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thender
05-11-2012, 12:18 PM
Hi folks,

Relative newbie here.

I'm working on the Android platform with GLES2.0.

I wrote my game using floating point colors specs and all was working great.

Then I decided to try to optimize speed and memory, and re-formatted my colors as bytes packed into in an integer.

My game mostly works the same, but one feature is now gone: my triangles do not respond to the gl_FrontFacing variable as before.

Here's my fragmentShader code:

private final String mFragmentShader =
"precision mediump float;\n" +
"varying vec4 vColorValue;\n" +
"void main() {\n" +
" if(gl_FrontFacing) {\n" +
" gl_FragColor = 0.5*vColorValue;\n" +
" }else {\n" +
" gl_FragColor = vColorValue;\n" +
" }\n;"+
"}\n";

Now that I have colors entering the system as bytes packed ABGR into an integer, the front facing triangles are no longer muted, as was working using floating point color specs.

But I know that gl_FrontFacing is still in effect: if I change 0.5 to 0.0, the front facing triangles disappear.

Is this just an expected result or have I done something stupid?

I'm having a devil of a time trying to unearth the answer from internet searches.

Should I use some special data type in my vertex attribute call?

GLES20.glVertexAttribPointer(maColorValueHandle, 4, GLES20.GL_UNSIGNED_BYTE, false,
TRIANGLE_VERTICES_DATA_STRIDE_BYTES, mTriangleVertices);

I've tried a few that I can see in the docs, but this is the only one that works at all.

Any advise would be appreciated. Thanks!

Thender

Dark Photon
05-11-2012, 12:36 PM
I'm working on the Android platform with GLES2.0. ...

Now that I have colors entering the system as bytes packed ABGR into an integer, the front facing triangles are no longer muted...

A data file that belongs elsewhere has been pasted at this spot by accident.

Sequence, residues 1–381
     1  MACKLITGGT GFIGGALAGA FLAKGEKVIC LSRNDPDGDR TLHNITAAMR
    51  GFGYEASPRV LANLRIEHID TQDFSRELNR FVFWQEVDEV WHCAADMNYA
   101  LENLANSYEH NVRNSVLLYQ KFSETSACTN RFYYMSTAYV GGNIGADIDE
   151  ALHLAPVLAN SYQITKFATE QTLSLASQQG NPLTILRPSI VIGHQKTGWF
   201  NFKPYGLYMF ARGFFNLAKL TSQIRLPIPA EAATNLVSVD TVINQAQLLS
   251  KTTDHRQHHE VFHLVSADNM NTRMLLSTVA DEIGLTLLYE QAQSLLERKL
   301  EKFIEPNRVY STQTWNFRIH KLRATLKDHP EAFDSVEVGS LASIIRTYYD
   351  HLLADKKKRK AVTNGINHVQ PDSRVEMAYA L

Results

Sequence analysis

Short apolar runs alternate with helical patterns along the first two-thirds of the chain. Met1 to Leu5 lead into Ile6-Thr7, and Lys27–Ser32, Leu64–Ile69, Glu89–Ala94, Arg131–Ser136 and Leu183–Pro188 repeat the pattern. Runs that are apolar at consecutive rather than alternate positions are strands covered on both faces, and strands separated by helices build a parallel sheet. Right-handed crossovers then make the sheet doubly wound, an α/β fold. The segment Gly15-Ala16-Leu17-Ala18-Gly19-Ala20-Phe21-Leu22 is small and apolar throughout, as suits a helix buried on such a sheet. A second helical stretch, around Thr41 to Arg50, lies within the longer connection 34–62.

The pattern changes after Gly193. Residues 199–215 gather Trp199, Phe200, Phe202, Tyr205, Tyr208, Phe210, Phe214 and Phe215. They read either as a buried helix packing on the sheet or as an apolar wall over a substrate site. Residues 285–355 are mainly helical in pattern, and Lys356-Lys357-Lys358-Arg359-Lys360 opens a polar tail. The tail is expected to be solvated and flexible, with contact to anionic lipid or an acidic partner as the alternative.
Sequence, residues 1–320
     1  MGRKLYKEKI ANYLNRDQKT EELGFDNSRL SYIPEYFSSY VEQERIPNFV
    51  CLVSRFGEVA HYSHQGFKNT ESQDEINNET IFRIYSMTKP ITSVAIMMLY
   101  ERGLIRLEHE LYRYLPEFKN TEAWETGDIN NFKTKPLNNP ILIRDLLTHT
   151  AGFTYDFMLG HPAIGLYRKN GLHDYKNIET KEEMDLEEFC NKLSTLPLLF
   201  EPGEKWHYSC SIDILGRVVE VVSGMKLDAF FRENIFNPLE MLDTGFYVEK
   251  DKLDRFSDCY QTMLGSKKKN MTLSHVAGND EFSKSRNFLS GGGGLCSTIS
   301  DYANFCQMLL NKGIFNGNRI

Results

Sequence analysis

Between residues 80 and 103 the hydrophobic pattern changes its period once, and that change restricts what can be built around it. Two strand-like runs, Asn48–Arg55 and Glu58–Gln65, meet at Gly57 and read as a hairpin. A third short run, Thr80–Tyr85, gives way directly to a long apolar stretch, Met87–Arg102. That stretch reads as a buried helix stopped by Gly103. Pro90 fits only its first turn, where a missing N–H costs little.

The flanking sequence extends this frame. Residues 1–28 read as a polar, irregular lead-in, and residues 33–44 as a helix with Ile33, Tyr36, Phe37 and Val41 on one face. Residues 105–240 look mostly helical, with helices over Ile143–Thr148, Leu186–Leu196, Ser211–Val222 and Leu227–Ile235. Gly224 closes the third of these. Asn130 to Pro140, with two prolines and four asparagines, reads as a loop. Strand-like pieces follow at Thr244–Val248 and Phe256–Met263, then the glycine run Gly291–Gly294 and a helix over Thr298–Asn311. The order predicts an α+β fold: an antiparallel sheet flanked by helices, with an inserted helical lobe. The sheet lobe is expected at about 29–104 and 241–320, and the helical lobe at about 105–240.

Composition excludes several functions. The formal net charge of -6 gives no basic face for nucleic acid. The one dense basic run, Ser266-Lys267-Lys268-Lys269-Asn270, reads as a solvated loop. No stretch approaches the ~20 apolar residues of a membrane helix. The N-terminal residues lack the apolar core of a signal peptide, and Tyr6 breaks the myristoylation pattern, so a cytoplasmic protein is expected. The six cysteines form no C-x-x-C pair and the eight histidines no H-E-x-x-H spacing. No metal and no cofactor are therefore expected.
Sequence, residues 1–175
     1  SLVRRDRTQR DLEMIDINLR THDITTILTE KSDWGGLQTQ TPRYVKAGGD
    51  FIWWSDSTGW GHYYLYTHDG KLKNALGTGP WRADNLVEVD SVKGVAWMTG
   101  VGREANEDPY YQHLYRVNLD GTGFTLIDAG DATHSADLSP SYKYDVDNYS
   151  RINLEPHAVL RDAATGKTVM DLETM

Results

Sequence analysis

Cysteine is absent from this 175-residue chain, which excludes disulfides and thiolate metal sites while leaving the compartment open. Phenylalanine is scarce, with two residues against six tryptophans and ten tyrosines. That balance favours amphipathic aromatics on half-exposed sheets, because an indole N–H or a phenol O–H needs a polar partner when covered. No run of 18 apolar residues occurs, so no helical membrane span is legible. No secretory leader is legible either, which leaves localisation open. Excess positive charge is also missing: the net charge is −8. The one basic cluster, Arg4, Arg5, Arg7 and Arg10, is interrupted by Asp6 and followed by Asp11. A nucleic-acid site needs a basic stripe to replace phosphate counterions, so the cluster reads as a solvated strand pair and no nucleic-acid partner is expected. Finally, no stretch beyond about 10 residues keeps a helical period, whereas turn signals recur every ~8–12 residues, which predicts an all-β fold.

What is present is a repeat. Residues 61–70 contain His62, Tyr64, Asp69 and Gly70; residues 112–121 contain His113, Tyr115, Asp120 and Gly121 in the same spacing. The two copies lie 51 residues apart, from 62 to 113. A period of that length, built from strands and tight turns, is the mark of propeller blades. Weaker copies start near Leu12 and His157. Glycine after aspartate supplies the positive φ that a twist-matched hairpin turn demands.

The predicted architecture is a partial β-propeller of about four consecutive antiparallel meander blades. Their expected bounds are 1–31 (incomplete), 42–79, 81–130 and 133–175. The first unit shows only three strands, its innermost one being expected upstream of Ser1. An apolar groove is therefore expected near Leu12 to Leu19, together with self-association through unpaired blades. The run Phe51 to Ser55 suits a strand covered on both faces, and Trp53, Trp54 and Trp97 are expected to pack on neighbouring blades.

GLES20.glVertexAttribPointer(maColorValueHandle, 4, GLES20.GL_UNSIGNED_BYTE, false,
TRIANGLE_VERTICES_DATA_STRIDE_BYTES, mTriangleVertices);

I'm no GLES guru (or even newbie), but just from looking at your glVertexAttribPointer call, one thing that grabs my attention is that "false". If you put colors into a normalized fixed-point format (e.g. 0..255 for UBYTE[4], rather than the 0..1 used with FLOAT[4]), then you must tell GL that by setting the normalized flag to "true". This tells the GL implementation to take your normalized fixed-point values and map them to 0..1 behind-the-scenes before populating the float input values (e.g. vec4) in the shader.

BTW, please use \[code\]...\[/code\] blocks (without the backslashes) to mark your code in forum postings. Makes them easier to read.

thender
05-11-2012, 06:04 PM
Thanks for that suggestion and for taking the time to look. But apparently that did not do the trick.

My shaky and developing understanding was that color data is floating point by the time it reaches the fragmentShader in any case.

The real puzzle is that the colors (simple red, green and blue triangles) show up as expected (with either true or false ) but apparently are not multiplying like floating point values.

Could this be something peculiar to Android GLES20 or even something in my ASUS Transformer hardware?

Maybe I need to post on the Android forum?

Looks like you have enough experience to say that it should work when using "true" in the glVertexAttribPointer call.

Thender







I'm no GLES guru (or even newbie), but just from looking at your glVertexAttribPointer call, one thing that grabs my attention is that "false". If you put colors into a normalized fixed-point format (e.g. 0..255 for UBYTE[4], rather than the 0..1 used with FLOAT[4]), then you must tell GL that by setting the normalized flag to "true". This tells the GL implementation to take your normalized fixed-point values and map them to 0..1 behind-the-scenes before populating the float input values (e.g. vec4) in the shader.

BTW, please use \[code\]...\[/code\] blocks (without the backslashes) to mark your code in forum postings. Makes them easier to read.

thender
05-12-2012, 07:12 AM
No, Dark Photon was right!

I have no idea what I was looking at last night, but this morning it is working.

Now the text in the documentation has been focused in my mind. If you want to, for example, place a 1 (full color) using a byte value, put the argument to false.

If you want to do what I was trying to do, use byte 255 as the full color value, it must be converted to a floating point 1. (normalized), and the "true" argument accomplishes this.